Like all worthwhile research, the projects undertaken by Creighton University biology professor Carol Fassbinder-Orth, PhD, have had a significant degree of difficulty.
This latest interest, however, has proved hard for reasons related to both the science and the subject.
Two years ago, spurred by her youth spent on a honeybee farm, Fassbinder-Orth began pondering the devastating phenomenon of colony collapse disorder (CCD) in which worker bees leave their home hives in droves, never to return.
Estimates on the impact of the disorder put a more than 50 percent decline on the bee population at various sites around the world.
The American Midwest, Fassbinder-Orth said, has been particularly prone to the problem. At the farm where she grew up in northeast Iowa, more than two-thirds of the European honeybee colonies were lost last winter.
The disorder, with many potential contributing factors, causes individual bees to commit altruistic suicide, leaving the hive as soon as they realize they’ve become ill.
But by then, it’s too late. The illness has spread and soon, the entire hive will be on its way out to die in the grips of paralysis.
In Fassbinder-Orth’s controlled environment to observe the dynamics of the hive when a virus that may cause CCD is introduced, the bees are kept close to the hive to see what behaviors they exhibit in the runup to leaving and dying.
“It’s sad,” said Fassbinder-Orth, who still raises honeybees on a farm near Glenwood, Iowa. “It’s hard to watch. In less than a day, you start to see them get really frantic. They know something’s wrong. They’re trying to leave, they’re bouncing off the walls.
“Then they start to shake, and then it’s paralysis,” she said. “And by then, it’s spread through the colony. It’s rather sad to see the progression and then to see its aftermath in colony collapse disorder.”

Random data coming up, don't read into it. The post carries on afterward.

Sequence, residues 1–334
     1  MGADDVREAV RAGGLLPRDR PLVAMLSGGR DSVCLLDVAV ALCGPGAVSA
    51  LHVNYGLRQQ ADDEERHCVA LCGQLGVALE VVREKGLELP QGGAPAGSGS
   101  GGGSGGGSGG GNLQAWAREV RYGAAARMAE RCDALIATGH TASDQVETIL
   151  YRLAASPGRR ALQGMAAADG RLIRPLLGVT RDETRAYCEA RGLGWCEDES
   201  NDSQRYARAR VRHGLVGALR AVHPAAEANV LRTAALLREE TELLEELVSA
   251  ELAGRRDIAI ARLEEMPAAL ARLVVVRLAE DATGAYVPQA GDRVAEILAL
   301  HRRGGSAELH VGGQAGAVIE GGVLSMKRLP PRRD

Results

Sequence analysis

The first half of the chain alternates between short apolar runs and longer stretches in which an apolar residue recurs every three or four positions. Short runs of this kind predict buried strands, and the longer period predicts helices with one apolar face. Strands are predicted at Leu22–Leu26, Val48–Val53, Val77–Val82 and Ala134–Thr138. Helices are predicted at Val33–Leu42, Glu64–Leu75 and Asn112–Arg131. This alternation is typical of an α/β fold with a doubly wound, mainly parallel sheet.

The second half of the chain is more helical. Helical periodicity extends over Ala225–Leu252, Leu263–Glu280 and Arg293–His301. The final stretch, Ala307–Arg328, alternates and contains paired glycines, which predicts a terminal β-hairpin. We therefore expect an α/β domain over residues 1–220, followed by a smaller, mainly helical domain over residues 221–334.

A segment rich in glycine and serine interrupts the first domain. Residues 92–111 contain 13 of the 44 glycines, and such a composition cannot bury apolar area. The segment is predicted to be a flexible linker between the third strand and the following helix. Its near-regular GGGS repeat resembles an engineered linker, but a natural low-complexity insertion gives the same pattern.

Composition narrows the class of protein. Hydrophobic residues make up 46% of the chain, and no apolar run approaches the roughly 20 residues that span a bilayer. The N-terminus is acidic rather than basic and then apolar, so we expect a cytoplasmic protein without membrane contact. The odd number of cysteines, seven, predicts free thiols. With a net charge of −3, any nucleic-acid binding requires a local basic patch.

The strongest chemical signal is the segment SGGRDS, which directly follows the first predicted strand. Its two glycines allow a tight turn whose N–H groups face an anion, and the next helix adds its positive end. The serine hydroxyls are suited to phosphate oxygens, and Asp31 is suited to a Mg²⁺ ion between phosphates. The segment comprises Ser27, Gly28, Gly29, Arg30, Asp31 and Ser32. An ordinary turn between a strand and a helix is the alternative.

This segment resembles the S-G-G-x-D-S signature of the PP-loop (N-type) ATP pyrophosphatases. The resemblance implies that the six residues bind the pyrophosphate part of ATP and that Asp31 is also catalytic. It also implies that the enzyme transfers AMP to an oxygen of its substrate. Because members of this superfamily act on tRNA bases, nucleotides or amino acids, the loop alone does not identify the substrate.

Fassbinder-Orth’s project, now gathering steam with a Creighton University Haddix President’s Faculty Research Grant, is to look at one potential cause of colony collapse disorder and determine how, why and — perhaps most importantly — when a virus linked to the disorder and carried by a mite strikes a bee.
The varroa mite attaches to larval or young bees and introduces a virus that drains a protein called vitellogenin from the bees. Bees are born with a lifetime’s supply of vitellogenin, which gradually is used up over the lifecycle and dictates when a bee leaves the colony at the end of its life.
Equipped with comprehensive data on vitellogenin taken by undergraduate researcher and junior neuroscience major Ryan Sabotin, Fassbinder-Orth hypothesizes that one of the contributing factors to colony collapse disorder is this premature aging brought on by the viral sapping of vitellogenin.
“Bees are social animals and this altruistic suicide is the way they attempt to preserve the rest of the colony,” Fassbinder-Orth said. “There have been a few studies about this behavior, but nothing looking at viral infection. It’s hard to do that observing in nature, so we hope we can create the conditions to more closely study what’s happening with their behaviors and their responses.”
With help from a student researcher, Creighton junior computer science major Sam Hughes, and innovation analysts at the university’s RaD Lab, Fassbinder-Orth has been at work creating an environment that can contain and monitor bees in the hopes of learning more about their behavior leading up to their flight from the hive and eventual death.
Using radio-frequency identification (RFID) chips, Hughes has been devising a way to track the bees and their movements.
Fellow RaD Lab interns Maria Fernanda Correa and Tyler Cash also helped create the simulated hive environment — the “bee box” — that will let Fassbinder-Orth more closely watch the insects.
Hughes, Correa and Cash, with help from RaD Lab staffers Mark Panning and Steve Maaske, looked at several ways to take accurate counts of the bees and record behavior.
Ultimately, and after many trials and experiments, the researchers decided on the RFID chips applied gently to the bees and corresponding to a chip reader tuned to monitoring the bees’ comings and goings. A main bee box simulating a hive would connect, via clear plastic tubing, to other boxes to which infected bees will presumably travel.
For Hughes, Correa and Cash, taking steps toward answers in a monumental scientific issue underscores the Creighton mission to engage undergraduates in meaningful research.
“Colony collapse disorder, it’s something in the news, something happening right now,” Cash said. “It’s not every day you get that kind of an opportunity. It’s been a cool project to work on, one we hope can make a difference.”